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Tuesday, October 17, 2006


I recently re-read an interesting article in the Harvard Business Review, "Better Sales Networks".

The article looks at different types of social networks and how each is more suited to different sales tasks.

The article shows how "sparser networks are better at getting access to unique information", whereas denser networks are "more desirable for coordination purposes".

As someone who predominantly uses my network for prospecting & lead generation on behalf of clients I can understand this completely.

In fact, the article recommends that "salespeople looking for new and unique information should cultivate broad marketplace networks" and suggests that, as not everyone is naturally good at this task, companies should "consider decoupling lead generation from other tasks"

I found that a very interesting observation. Not that lead generation should be decoupled - there's nothing new there. No, the comment that not everyone is "naturally good" at developing diverse contacts.

If you've been following many of the social networking platforms there's always this "quality vs quantity" debate going on. It's an old chestnut and I don't intend to add to it here, except to say that it always seems to polarise opinion.

I'm certainly firmly in to "quantity" camp as I use tools such as LinkedIn to develop access to a large and diverse range of potential contacts. If you look at all the most "connected" people on LinkedIn (apparently I've dropped a few places to #41) they're dominated by people who need to access information - such as recruiters, investors, researchers, biz dev people, etc [plus a few who just seem to be in it for the game of who can be top]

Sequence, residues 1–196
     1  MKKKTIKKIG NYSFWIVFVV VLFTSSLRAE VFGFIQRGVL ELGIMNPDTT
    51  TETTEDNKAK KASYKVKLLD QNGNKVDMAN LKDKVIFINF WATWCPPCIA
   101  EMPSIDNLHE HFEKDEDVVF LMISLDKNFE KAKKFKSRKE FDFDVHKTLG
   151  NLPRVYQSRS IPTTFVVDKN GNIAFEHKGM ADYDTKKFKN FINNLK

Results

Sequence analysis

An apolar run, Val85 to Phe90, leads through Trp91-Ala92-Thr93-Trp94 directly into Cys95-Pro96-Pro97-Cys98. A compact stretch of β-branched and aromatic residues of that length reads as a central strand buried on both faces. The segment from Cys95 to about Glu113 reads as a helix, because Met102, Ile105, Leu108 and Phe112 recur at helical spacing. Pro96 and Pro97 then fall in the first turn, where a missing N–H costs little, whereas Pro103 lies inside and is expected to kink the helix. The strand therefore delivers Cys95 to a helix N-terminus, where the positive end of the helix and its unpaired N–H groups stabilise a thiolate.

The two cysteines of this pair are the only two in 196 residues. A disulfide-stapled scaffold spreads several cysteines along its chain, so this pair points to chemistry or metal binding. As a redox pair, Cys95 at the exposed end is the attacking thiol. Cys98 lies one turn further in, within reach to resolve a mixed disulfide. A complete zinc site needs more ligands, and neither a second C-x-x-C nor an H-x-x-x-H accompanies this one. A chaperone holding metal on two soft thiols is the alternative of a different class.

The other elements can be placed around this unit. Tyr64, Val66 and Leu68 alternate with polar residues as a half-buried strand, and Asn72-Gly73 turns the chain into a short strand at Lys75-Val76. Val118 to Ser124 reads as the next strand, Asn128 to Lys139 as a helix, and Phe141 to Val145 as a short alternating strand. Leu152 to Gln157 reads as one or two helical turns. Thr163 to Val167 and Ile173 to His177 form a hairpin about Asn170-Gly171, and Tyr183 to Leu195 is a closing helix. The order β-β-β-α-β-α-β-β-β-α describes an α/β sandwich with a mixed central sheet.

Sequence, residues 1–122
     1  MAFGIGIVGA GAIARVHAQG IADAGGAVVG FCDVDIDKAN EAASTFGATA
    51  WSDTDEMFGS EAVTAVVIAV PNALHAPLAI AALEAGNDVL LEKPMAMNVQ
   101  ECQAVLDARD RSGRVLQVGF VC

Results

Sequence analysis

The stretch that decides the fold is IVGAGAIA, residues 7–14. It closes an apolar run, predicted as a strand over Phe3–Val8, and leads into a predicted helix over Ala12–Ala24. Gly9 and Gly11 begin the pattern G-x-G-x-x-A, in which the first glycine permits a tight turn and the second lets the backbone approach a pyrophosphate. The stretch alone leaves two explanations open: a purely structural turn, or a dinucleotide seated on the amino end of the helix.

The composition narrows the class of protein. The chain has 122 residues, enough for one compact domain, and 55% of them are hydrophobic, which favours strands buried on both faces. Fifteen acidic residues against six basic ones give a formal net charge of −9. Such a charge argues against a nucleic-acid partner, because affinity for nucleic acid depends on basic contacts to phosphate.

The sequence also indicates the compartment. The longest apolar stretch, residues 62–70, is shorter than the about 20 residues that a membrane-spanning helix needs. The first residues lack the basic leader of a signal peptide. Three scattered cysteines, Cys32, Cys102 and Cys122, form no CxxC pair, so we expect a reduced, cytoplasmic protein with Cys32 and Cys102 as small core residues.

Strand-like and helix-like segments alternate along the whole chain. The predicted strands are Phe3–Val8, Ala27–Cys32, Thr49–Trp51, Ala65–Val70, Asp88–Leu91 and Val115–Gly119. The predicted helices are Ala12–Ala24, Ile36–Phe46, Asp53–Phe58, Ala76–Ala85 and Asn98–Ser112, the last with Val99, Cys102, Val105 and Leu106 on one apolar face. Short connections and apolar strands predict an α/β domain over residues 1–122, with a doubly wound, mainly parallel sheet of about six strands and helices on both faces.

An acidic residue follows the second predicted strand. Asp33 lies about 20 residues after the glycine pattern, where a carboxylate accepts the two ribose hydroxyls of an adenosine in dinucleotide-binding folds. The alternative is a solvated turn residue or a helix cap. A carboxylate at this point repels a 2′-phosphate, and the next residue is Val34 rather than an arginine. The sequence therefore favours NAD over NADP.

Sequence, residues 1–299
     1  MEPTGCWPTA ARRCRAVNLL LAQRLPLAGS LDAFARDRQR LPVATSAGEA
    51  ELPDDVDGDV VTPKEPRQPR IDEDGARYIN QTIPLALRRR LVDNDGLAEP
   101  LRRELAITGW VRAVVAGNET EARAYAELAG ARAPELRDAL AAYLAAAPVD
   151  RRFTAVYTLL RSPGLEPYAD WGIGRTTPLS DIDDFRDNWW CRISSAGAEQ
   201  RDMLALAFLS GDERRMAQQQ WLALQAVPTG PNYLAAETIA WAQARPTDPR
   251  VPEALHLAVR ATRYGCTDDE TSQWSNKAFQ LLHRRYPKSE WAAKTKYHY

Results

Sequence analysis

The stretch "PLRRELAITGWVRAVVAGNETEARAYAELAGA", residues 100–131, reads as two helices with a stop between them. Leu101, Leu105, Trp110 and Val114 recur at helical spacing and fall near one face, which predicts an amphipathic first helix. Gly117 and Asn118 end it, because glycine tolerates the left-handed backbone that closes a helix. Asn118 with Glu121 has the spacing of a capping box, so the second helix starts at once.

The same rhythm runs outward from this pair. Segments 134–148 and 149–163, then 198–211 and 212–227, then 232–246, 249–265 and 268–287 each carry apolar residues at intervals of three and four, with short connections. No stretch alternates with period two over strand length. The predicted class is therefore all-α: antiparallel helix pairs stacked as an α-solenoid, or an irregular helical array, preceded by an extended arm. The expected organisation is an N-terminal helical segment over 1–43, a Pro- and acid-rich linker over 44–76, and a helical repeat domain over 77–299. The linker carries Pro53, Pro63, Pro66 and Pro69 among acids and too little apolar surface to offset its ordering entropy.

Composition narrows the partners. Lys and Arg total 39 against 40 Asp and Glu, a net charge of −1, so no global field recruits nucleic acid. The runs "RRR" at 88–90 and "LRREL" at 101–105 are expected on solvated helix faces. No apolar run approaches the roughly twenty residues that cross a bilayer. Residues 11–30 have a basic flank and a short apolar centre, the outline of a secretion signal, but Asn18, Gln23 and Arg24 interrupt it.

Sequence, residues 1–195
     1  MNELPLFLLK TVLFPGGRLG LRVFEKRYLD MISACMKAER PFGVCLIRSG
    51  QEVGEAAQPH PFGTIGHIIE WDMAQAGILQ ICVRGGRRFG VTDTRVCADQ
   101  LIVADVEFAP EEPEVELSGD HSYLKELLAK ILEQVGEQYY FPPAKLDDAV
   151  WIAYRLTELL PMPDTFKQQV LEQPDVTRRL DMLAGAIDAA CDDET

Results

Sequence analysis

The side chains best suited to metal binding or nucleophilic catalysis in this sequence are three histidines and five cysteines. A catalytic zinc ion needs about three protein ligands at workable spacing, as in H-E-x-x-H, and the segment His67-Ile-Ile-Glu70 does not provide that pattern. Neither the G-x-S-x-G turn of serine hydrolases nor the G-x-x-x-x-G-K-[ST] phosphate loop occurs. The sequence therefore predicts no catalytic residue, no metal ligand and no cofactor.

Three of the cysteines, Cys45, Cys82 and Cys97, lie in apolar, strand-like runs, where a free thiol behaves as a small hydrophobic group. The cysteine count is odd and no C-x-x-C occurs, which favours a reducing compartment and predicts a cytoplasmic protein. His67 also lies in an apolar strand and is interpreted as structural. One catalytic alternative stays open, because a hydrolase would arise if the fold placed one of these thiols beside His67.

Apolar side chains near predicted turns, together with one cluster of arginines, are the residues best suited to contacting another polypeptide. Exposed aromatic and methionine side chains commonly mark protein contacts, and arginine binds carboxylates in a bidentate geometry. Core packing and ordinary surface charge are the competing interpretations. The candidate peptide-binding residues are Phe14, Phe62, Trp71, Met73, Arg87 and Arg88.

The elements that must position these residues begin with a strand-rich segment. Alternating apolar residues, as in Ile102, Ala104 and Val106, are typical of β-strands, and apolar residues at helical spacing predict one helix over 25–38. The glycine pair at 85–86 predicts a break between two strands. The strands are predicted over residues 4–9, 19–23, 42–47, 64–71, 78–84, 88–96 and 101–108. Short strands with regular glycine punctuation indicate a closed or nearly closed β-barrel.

LinkedIn is such as powerful tool as it allows you to see your extended network in ways not previously possible.

But, to get back to my point, people in the "quality" camp will tell you that the most important thing is how strong the relationships are in the network, not how many connections you have.

Of course, if their focus is on coordination (getting experts together, getting contacts to actually do something for them) then it's important to not only have strong ties with their contacts, but it's important that they are also connected to each other. That makes sense.

Another way of putting it is that the more commitment you are asking for, the stronger you need the relationship to be.

If I'm just calling someone to find some relatively low-value (to them) information, then a sparse network with weak-ties is not only fit for purpose, it is actually optimum for my purpose as it gives me the widest range of access.

However, if I wanted to use this network for a purpose which requires much more commitment from my contacts (such as getting them to collaborate with me on a project) it's unlikely I would get such support unless I had taken the time to build a strong relationship with them (which, in turn, takes more time to cultivate and therefore is likely to reduce the size, and diversity, of my network)

So, in summary, if you're looking for information, you ideally want a sparse network (ie, it doesn't matter if each "node" of your network is not connected with another). If you want to get things done, you need a more tightly configured (and probably smaller) network.

Common sense really. Which isn't bad for Harvard ;-)

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Posted by: David Regler @ 8:34 pm |   | Links to this post  

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